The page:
In late 1995, “Christmas Eve/ Sarajevo 12/24” was released as a single to hundreds of radio stations around the country—and was largely ignored. But a DJ in the band’s hometown of Tampa put it on the air. And the phone lines lit up. The song made it to New York City radio. And the phone lines lit up. “Sarajevo” was played in only a few markets that year—but in every market that heard it, record stores couldn’t keep Dead Winter Dead on the shelves.
Savatage producer Paul O’Neill knew he was on to something big. Johnny Lee and the other members of Savatage returned to the studio in the summer of 1996, this time with a full orchestra and a variety of singers. O’Neill wrote a Christmas story and intertwined it with well-known classical pieces and the Savatage brand of hard-hitting rock and roll. Trans-Siberian Orchestra was born.
When “Sarajevo” was re-released for the 1996 holiday season as the first single from Trans-Siberian Orchestra’s debut album, Christmas Eve and Other Stories, very few station managers had any idea that the same song had landed on their desks the year before. Even fewer knew that the new Trans-Siberian Orchestra was, in fact, essentially an extension of Savatage. “Sarajevo” hit the airwaves, and the phone lines lit up nationwide.
Since 1996, Johnny Lee has remained an integral part of Trans-Siberian Orchestra, playing on all 4 records—which, combined, have sold more than 4 million copies—and touring with the group since its inception. In 2007 alone, the two TSO touring companies played live for more than 1 million people across North America.
And over a decade after “Sarajevo” first exploded out of radios across the nation, most of TSO’s millions of fans still don’t know that Trans-Siberian Orchestra was born from an under-appreciated hard-rock band that is still beloved by loyal, long-term fans worldwide. A band still beloved by its members, too, including Johnny Lee, who still smiles when he sees Savatage T-shirts in the audience. And every night, the band plays “Sarajevo” twice—once for Savatage, perhaps, and once for TSO.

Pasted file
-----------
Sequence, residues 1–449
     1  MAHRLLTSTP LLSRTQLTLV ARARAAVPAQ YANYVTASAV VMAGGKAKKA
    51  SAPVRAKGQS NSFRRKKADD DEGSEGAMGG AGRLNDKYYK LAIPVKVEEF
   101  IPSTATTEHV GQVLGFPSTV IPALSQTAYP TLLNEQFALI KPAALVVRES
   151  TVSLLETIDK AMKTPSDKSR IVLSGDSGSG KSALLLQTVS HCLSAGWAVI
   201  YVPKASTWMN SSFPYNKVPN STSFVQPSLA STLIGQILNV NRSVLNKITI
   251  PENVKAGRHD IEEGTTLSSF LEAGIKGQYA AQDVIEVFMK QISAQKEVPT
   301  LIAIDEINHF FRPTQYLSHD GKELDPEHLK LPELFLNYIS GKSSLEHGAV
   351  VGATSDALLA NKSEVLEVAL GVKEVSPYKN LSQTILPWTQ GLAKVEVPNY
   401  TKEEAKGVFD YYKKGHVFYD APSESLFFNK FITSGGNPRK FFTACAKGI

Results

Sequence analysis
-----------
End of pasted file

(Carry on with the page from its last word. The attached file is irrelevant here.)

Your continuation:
But Johnny Lee Middleton isn’t done yet.
In early 2008, after returning home from the 2007 TSO tour, and after nearly 30 years of playing bass on some of the biggest stages in the world, Johnny Lee quite literally woke up one morning and simply decided to try his hand at something new—songwriting. He pulled an old guitar out of the back of a closet, picked up a cheap digital recorder, and started to play. He never really expected anyone else would ever hear it. But what happened, he says, “was like opening up another side of my mind that I never knew existed.” Within weeks he “fell in love with the whole process and challenge of songwriting.” And Johnny Lee decided to share.
As the songs developed, Johnny Lee took the raw tracks to his longtime friend, singer John Haikara, who provided lyrics and vocals. Drummer Mike Dillon joined them in the studio to lay down the drums. The result is an eclectic blend of Johnny Lee’s 3 decades of immersion in music, hard-edged rock tinged with the occasional twist—a country twang here, a mandolin there.
But every song has one thing in common, a reminder of sorts, of the long road he has taken to get here: on each track, Johnny Lee plays a Charvel guitar that once belonged to Criss Oliva, the best friend he lost 15 years ago. It means a lot to him, he says, to play Criss’ guitar. It will mean a lot to Savatage fans as well.
And in 2009…? Stay tuned!